This article appeared in the Fall 2016-Spring 2017 Bryn Mawr Math Alumnae Newsletter.
According to the conference website, “WiDS inspires and educates data scientists worldwide, regardless of gender, and supports women in the field." An impressive slate of speakers offered encouragement and advice to those in attendance.
Diane Greene, senior vice president at Google Cloud, shared her experience of doing what excited her, and not worrying about where it would lead. After getting her master's degree in computer science at the University of California, Berkeley, she worked as a software engineer, and started VMware with her husband and graduate students. Greene talked about how she got into racing and sailing, from which she learned to constantly optimize decisions. She also discussed how data science uses optimization: machine learning for financial services is optimization for money, while analytics in health is optimization for a better world. She used the example of Airbus, which utilizes satellites data, to argue that machine learning has become better than people ever predicted. At the end of her talk, she encouraged people to try new things because they are more likely to succeed if they are less preoccupied with stuff going wrong.
Executive Director of the Human Rights Data Analysis Group Megan Price also spoke at the conference. She showed how data science is increasingly important for humanitarian organizations, especially those working in conflict-driven areas. As an example, she described her work documenting deaths in Syria. The Office of the United Nations High Commissioner of Human Rights sponsored this project because it was hard to analyze the datasets available to get the results they wanted.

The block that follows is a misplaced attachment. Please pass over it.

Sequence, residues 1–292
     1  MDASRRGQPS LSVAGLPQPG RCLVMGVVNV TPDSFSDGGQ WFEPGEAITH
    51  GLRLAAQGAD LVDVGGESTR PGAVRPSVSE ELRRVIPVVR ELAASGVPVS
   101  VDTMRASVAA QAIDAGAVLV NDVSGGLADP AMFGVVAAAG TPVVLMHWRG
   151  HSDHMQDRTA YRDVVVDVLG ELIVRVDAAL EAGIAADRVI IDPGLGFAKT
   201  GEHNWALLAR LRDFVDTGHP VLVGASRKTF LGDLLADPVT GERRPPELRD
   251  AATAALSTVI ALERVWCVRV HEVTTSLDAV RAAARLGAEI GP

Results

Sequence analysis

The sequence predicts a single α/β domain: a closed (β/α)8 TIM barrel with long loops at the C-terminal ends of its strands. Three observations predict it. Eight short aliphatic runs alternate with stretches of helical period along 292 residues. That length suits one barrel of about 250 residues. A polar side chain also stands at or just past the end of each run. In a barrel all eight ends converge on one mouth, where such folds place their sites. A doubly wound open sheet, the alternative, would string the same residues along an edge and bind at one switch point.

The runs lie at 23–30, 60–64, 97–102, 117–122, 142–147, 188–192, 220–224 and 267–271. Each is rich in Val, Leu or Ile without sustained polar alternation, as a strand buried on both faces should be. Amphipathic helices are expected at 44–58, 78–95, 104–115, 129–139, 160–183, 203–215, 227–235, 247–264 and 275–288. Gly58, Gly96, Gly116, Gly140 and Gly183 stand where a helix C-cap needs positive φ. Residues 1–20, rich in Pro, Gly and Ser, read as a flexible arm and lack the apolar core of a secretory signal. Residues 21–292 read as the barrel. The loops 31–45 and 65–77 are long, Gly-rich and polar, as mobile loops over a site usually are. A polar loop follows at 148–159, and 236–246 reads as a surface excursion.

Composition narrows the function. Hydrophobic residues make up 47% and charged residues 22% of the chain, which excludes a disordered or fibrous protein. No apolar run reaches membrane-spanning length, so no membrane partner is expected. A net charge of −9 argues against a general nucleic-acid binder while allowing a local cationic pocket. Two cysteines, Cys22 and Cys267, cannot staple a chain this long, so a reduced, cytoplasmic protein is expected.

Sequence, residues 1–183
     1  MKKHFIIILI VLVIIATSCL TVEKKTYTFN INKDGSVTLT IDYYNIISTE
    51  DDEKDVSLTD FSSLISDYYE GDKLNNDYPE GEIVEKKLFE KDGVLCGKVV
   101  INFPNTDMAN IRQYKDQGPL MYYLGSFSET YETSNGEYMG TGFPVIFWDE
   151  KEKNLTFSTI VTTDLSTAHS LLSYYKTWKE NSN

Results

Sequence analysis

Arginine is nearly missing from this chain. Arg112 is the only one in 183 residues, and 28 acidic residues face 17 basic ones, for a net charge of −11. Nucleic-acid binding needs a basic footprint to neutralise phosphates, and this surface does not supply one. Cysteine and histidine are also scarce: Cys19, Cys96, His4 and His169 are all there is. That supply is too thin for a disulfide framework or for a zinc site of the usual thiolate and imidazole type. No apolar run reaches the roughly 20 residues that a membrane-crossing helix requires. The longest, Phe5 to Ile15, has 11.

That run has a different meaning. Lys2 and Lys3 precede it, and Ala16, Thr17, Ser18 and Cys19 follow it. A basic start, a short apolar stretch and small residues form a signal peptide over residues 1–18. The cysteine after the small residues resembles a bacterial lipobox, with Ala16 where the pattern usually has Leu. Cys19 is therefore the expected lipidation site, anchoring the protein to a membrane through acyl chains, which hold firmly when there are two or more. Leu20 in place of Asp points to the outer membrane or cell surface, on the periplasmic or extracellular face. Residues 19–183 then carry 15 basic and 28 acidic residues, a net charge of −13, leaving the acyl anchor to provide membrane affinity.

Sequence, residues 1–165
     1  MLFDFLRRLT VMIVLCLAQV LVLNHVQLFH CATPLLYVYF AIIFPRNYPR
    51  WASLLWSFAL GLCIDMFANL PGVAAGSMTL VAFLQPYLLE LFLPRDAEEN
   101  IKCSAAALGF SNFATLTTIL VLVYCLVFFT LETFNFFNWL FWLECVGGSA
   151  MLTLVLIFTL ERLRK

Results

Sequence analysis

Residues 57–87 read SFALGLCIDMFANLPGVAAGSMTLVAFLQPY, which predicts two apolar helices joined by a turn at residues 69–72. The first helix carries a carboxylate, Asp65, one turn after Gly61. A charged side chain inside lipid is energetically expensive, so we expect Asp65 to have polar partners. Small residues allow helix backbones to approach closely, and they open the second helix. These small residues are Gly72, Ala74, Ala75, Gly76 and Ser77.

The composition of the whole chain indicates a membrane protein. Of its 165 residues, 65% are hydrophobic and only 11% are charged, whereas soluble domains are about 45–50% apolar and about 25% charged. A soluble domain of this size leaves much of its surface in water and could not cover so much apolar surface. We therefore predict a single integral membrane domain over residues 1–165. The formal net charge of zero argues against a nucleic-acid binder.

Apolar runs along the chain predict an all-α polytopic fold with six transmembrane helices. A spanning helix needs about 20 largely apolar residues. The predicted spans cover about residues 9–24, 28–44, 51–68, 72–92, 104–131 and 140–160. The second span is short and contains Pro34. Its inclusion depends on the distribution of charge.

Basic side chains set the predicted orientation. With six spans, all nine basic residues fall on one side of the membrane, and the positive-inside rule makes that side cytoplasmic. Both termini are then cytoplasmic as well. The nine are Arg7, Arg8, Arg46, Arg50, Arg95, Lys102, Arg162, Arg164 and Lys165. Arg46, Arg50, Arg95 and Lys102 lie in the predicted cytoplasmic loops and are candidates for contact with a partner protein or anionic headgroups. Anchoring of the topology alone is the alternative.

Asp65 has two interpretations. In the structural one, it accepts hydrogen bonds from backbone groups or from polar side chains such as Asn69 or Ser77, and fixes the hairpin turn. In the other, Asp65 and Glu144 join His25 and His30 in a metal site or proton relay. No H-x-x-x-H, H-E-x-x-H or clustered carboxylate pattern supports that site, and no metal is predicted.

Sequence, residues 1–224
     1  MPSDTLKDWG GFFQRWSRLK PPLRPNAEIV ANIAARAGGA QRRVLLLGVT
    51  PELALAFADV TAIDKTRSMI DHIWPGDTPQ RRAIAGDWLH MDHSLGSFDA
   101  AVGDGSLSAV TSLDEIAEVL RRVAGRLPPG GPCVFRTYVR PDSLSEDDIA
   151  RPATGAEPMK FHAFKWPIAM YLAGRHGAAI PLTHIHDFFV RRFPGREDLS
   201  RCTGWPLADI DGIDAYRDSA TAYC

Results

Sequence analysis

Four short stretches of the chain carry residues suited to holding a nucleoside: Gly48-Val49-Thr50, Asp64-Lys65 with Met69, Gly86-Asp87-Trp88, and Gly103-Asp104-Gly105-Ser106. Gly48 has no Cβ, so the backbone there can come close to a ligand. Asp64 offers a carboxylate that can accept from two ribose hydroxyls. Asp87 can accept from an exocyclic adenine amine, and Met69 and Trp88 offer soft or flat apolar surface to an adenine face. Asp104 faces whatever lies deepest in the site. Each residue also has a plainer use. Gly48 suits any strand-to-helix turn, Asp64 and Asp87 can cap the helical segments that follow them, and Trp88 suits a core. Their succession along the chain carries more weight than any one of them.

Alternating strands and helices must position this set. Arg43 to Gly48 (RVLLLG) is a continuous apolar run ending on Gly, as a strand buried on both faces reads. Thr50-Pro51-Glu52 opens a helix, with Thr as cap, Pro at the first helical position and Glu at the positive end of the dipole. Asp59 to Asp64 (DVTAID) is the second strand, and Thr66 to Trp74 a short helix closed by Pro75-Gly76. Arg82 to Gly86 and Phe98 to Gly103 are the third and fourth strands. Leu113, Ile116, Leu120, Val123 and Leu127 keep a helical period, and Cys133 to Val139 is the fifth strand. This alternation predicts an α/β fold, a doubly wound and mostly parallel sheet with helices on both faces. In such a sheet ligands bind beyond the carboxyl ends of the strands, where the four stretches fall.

In addition to engaging streamed talks, the Philadelphia satellite conference also featured a live career panel. Nicole McCabe, global head of gender equality for SAP, talked about her role at the company and what attracted her to data science. Sue Metzger, instructor of accountancy and information systems at Villanova University, encouraged students to be willing to take risks in their professional life. SAP Senior Data Scientist Patricia Tillotson talked about some interesting projects she has done. And Chelsea Crawford, a preSale solution engineer at SAP, talked about her experience serving as a bridge between clients and scientists.
The day before the conference, Tillotson visited Bryn Mawr. She spoke about what data science is, how to prepare for a career in the field, and the exciting life of a data science professional. She discussed how data science is used to optimize pizza delivery, monitor heart health, and conduct server load prediction. She offered valuable suggestions to students considering the field, such as building a solid foundation in statistics, programming languages, machine learning, and more. A lively question and answer session followed the presentation. One student asked Tillotson about the most interesting case she had ever worked on, and she recalled a project for which she advised farms on whether or not to plant certain crops.
Overall the data science immersion weekend was informative, and students learned a lot. The authors of this article hope that Bryn Mawr College will continue to participate and support events like this in the future.